It predicted that ‘mitigation strategies’ could reduce the number of people affected by half, potentially saving 20 million lives, but even in that scenario countries’ health systems would be overwhelmed.

It said: “We estimate that in the absence of interventions, COVID-19 would have resulted in 7.0 billion infections and 40 million deaths globally this year.

“Mitigation strategies focusing on shielding the elderly (60% reduction in social contacts) and slowing but not interrupting transmission (40% reduction in social contacts for wider population) could reduce this burden by half, saving 20 million lives, but we predict that even in this scenario, health systems in all countries will be quickly overwhelmed.”

The report also suggested that the effect would be more severe in ‘lower income settings’.

“Our analysis therefore suggests that healthcare demand can only be kept within manageable levels through the rapid adoption of public health measures (including testing and isolation of cases and wider social distancing measures) to suppress transmission, similar to those being adopted in many countries at the current time.”

The report is prepared by Patrick GT Walker, Charles Whittaker, Oliver Watson, Marc Baguelin, Kylie E C Ainslie, Sangeeta Bhatia, Samir Bhatt, Adhiratha Boonyasiri, Olivia Boyd, Lorenzo Cattarino, Zulma Cucunubá, Gina Cuomo-Dannenburg, Amy Dighe, Christl A Donnelly, Ilaria Dorigatti, Sabine van Elsland, Rich FitzJohn, Seth Flaxman, Han Fu, Katy Gaythorpe, Lily Geidelberg, Nicholas Grassly, Will Green, Arran Hamlet, Katharina Hauck, David Haw, Sarah Hayes, Wes Hinsley, Natsuko Imai, David Jorgensen, Edward Knock, Daniel Laydon, Swapnil Mishra, Gemma Nedjati-Gilani,  Lucy C Okell,  Steven Riley, Hayley Thompson, Juliette Unwin, Robert Verity, Michaela Vollmer, Caroline Walters, Hao Wei Wang, Yuanrong Wang, Peter Winskill, Xiaoyue Xi, Neil M Ferguson and Azra C Ghani.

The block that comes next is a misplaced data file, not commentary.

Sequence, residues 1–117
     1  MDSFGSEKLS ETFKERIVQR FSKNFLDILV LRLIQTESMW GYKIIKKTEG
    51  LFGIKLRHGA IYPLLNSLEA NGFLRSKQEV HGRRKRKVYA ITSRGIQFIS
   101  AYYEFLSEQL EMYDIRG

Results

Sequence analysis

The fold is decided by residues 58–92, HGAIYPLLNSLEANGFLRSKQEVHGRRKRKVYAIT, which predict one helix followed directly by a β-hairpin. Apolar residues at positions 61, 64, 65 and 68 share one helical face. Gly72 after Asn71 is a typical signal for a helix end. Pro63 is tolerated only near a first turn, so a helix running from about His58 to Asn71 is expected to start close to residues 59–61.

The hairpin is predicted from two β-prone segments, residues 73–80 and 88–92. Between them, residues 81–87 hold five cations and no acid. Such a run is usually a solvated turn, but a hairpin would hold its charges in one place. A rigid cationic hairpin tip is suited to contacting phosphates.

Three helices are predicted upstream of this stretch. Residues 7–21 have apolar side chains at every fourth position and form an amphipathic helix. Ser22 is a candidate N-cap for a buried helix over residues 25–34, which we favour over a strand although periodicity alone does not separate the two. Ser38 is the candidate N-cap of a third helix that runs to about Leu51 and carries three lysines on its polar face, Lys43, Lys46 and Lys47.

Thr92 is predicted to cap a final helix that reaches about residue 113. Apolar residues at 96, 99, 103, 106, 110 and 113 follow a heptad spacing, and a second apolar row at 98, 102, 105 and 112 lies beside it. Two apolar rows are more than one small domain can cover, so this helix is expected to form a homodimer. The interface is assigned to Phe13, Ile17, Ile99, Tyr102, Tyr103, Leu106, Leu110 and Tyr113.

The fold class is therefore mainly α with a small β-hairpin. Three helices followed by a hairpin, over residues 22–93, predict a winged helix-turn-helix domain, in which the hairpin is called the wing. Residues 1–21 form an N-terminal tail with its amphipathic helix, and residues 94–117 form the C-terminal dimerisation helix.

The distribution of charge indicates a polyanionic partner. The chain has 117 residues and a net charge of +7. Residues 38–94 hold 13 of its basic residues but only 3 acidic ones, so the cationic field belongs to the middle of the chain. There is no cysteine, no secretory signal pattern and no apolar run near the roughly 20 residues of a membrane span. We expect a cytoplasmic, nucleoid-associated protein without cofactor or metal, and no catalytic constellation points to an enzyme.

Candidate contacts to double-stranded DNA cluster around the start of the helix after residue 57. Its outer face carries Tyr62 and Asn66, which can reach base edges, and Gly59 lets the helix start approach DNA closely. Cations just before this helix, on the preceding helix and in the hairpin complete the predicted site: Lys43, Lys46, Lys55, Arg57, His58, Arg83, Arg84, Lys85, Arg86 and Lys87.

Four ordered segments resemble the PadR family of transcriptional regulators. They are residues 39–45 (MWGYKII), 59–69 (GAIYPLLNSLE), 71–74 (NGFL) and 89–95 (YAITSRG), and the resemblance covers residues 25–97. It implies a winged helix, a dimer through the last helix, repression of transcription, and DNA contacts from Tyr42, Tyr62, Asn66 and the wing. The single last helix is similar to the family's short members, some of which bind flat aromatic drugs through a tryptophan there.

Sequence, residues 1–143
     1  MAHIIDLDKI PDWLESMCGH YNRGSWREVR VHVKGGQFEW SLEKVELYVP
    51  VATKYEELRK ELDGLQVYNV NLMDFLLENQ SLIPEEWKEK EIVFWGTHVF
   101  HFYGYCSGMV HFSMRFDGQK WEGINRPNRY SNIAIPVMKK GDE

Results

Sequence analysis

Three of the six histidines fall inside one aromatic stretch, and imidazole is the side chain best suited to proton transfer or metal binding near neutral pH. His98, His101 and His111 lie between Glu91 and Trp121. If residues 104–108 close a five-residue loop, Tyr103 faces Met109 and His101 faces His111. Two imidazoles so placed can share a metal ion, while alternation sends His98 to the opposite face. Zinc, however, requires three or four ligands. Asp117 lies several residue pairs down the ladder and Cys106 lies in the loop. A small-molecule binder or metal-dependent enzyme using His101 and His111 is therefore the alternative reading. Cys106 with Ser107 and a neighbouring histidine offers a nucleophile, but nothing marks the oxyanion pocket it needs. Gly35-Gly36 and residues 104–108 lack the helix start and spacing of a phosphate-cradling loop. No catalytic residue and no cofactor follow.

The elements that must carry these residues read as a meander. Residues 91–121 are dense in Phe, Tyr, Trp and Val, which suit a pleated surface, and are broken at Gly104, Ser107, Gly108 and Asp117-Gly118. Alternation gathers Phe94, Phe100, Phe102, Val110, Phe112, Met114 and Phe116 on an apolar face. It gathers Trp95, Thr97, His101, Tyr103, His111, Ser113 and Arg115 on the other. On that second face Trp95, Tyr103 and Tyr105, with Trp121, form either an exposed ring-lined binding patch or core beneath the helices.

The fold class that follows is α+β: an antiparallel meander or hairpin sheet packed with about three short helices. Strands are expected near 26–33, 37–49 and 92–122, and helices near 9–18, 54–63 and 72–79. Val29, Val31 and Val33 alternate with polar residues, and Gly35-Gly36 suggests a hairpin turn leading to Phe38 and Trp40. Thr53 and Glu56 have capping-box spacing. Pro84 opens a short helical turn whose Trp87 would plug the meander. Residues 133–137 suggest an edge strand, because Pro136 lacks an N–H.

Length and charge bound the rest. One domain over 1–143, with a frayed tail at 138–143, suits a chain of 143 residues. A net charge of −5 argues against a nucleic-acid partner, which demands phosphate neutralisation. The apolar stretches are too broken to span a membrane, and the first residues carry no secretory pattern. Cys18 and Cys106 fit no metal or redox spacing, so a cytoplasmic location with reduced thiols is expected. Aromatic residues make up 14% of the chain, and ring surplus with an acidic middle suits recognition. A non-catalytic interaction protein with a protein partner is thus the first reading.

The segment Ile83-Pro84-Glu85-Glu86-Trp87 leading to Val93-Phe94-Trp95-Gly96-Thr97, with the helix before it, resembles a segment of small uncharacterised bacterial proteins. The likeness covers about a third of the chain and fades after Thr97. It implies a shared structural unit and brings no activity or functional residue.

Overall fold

Summary of the report 12

The world faces a severe and acute public health emergency due to the ongoing COVID-19 global pandemic. How individual countries respond in the coming weeks will be critical in influencing the trajectory of national epidemics. Here we combine data on age-specific contact patterns and COVID-19 severity to project the health impact of the pandemic in 202 countries. We compare predicted mortality impacts in the absence of interventions or spontaneous social distancing with what might be achieved with policies aimed at mitigating or suppressing transmission. Our estimates of mortality and healthcare demand are based on data from China and high-income countries; differences in underlying health conditions and healthcare system capacity will likely result in different patterns in low income settings.

We estimate that in the absence of interventions, COVID-19 would have resulted in 7.0 billion infections and 40 million deaths globally this year. Mitigation strategies focusing on shielding the elderly (60% reduction in social contacts) and slowing but not interrupting transmission (40% reduction in social contacts for wider population) could reduce this burden by half, saving 20 million lives, but we predict that even in this scenario, health systems in all countries will be quickly overwhelmed. This effect is likely to be most severe in lower income settings where capacity is lowest: our mitigated scenarios lead to peak demand for critical care beds in a typical low-income setting outstripping supply by a factor of 25, in contrast to a typical high-income setting where this factor is 7. As a result, we anticipate that the true burden in low-income settings pursuing mitigation strategies could be substantially higher than reflected in these estimates.

Our analysis therefore suggests that healthcare demand can only be kept within manageable levels through the rapid adoption of public health measures (including testing and isolation of cases and wider social distancing measures) to suppress transmission, similar to those being adopted in many countries at the current time. If a suppression strategy is implemented early (at 0.2 deaths per 100,000 population per week) and sustained, then 38.7 million lives could be saved whilst if it is initiated when death numbers are higher (1.6 deaths per 100,000 population per week) then 30.7 million lives could be saved. Delays in implementing strategies to suppress transmission will lead to worse outcomes and fewer lives saved.

We do not consider the wider social and economic costs of suppression, which will be high and may be disproportionately so in lower income settings. Moreover, suppression strategies will need to be maintained in some manner until vaccines or effective treatments become available to avoid the risk of later epidemics. Our analysis highlights the challenging decisions faced by all governments in the coming weeks and months, but demonstrates the extent to which rapid, decisive and collective action now could save millions of lives.